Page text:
Most people recognize that liquidity, safety, and growth do not co-exist very well. For example, with a checking account, you get excellent safety and total liquidity, but most checking accounts pay little or no interest. With stock market mutual funds, you get good liquidity and hopefully a good rate of growth over time, but you are sacrificing safety because there is no guarantee that you will even be able to get back what you invested when you actually need the money.
So, with financial products, there are trade-offs. You cannot get all of the most desirable features and benefits in one product. They all have a purpose and can complement each other in a well-designed and diversified plan. Since an annuity is going to give you safety of principal and growth potential, it is reasonable to assume that there has to be a trade-off somewhere, and it is with some sacrifice in liquidity.
Fixed indexed annuities require that you make a time commitment, and they enforce that time commitment by a surrender charge. When you consider buying a fixed indexed annuity, make sure you are comfortable with the length of the surrender charge, because your access to your principal is limited during the surrender charge period.
Your time commitment can typically range from 3 to 16 years, depending upon the features and benefits that appeal to you. The time commitment does not mean that you do not have any access to your funds. Many annuity products allow earned interest to be taken after 30 days and others allow up to 10% of your annuity’s value to be taken each year after the first year without penalty. Of course, if you do not need your funds, leave them in the annuity to accumulate on a tax-deferred basis until you decide to begin taking income payments.
This is contrary to bank certificates of deposit that typically only allow interest to be withdrawn and will impose an early withdrawal penalty for any principal withdrawn. So to be able to enjoy the unique benefits that annuities provide, you have to allow the insurance company to hold your funds just like you would allow a bank to hold your funds.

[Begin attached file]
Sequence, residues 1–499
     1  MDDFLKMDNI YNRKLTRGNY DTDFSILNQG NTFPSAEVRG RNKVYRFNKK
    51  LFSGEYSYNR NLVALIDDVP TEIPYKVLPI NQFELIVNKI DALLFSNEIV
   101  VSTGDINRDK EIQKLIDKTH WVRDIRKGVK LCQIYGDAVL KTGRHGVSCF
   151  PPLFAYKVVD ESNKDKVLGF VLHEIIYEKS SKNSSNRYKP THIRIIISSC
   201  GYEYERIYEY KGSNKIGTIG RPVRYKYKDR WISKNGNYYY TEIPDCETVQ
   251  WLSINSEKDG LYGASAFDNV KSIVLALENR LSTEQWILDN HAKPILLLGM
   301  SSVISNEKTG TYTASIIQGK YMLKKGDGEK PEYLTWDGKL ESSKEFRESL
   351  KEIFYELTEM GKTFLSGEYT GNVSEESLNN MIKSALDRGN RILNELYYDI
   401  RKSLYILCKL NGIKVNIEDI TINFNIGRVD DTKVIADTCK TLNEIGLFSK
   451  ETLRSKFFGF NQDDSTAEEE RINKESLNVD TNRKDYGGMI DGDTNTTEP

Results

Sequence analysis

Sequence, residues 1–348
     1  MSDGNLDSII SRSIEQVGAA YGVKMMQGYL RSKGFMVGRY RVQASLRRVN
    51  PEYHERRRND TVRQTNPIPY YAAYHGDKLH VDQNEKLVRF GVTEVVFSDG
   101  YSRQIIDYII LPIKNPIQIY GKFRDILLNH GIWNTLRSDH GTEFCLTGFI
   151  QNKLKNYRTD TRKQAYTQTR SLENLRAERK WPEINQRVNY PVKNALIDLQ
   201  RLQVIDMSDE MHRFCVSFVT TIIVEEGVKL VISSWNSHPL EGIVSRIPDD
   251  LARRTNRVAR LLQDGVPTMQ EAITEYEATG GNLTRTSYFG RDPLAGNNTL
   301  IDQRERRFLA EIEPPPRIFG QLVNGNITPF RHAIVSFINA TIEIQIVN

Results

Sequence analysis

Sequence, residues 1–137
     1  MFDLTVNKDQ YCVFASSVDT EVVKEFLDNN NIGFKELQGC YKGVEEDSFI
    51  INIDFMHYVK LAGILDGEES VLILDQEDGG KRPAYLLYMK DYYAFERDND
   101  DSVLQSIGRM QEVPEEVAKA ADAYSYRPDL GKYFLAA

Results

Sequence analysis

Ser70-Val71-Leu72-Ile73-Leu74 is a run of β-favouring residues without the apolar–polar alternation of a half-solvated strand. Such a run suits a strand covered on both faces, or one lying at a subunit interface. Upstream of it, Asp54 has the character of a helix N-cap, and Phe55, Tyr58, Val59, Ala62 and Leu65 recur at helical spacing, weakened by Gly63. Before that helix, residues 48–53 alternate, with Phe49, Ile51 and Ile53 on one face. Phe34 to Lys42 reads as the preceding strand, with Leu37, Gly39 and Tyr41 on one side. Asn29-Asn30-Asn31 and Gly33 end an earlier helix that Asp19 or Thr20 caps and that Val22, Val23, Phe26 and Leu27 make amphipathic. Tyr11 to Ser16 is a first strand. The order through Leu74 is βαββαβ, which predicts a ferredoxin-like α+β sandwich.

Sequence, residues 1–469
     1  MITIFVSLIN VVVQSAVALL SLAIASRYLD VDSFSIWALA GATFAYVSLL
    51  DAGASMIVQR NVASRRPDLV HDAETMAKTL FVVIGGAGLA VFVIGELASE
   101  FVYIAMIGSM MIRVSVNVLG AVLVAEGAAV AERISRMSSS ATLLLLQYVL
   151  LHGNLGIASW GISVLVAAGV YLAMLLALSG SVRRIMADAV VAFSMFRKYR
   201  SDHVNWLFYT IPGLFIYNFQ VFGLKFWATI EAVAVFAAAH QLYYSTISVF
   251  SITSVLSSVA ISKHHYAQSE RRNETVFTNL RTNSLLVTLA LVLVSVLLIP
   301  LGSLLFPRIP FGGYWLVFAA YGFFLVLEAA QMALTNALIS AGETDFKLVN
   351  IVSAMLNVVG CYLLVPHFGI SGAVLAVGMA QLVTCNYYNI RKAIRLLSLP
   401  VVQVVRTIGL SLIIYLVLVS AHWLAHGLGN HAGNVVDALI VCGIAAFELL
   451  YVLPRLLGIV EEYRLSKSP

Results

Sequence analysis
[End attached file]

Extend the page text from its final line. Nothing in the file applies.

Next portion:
With annuities, just as it is with certificates of deposit, there is generally a correlation between the time commitment that we allow the institution to hold our money and the productivity of our funds. The longer we commit to letting the bank or insurance carrier hold our funds, the higher the rate of interest or upside potential we can enjoy. A 5-year certificate of deposit will usually pay us a higher rate of interest than a 1-year certificate of deposit. The same principle holds true with a fixed indexed annuity. A 10-year product, for example, will typically offer a higher fixed interest rate and higher indexed-based interest crediting than a 5-year product.
If you take out more than the penalty-free amount (which varies by carrier and product), there can be substantial surrender penalties imposed (perhaps as high as 20% of the annuity’s value for a premature withdrawal), so you want to use an annuity as a part of an overall plan where you also own other accounts that have no surrender penalties for your short-term liquidity needs. Use these other accounts for emergency funds and to pursue financial opportunities that arise. Remember, annuities are designed to provide safe growth prior to retirement and guaranteed income streams during retirement. They are not designed for short-term liquidity. You will want to have sufficient funds for that purpose in other accounts, such as checking, savings, and money market accounts.
Choose fixed indexed annuity products for a specific purpose, such as principal-protected growth and income generation, where 100% liquidity is not needed during the surrender charge period. Once the surrender charge period is over, you can withdraw any and all of your money from the annuity at any time without a surrender penalty. Keep in mind that withdrawing money from an annuity will usually result in reporting of taxable income and, if taken prior to age 59½, may result in a 10% penalty tax on earnings.
Possible Additional Benefits
The annuity marketplace is very competitive, and thus carriers often have attractive additional features designed to differentiate their products from the competition. Some fixed indexed annuities have features such as these noted below:
In summary, you can see that annuities offer a lot of positive features – safety from market losses, growth potential, tax advantages, income guarantees, and beneficiary planning advantages – all built on the foundation of the time commitment that you make to the carrier.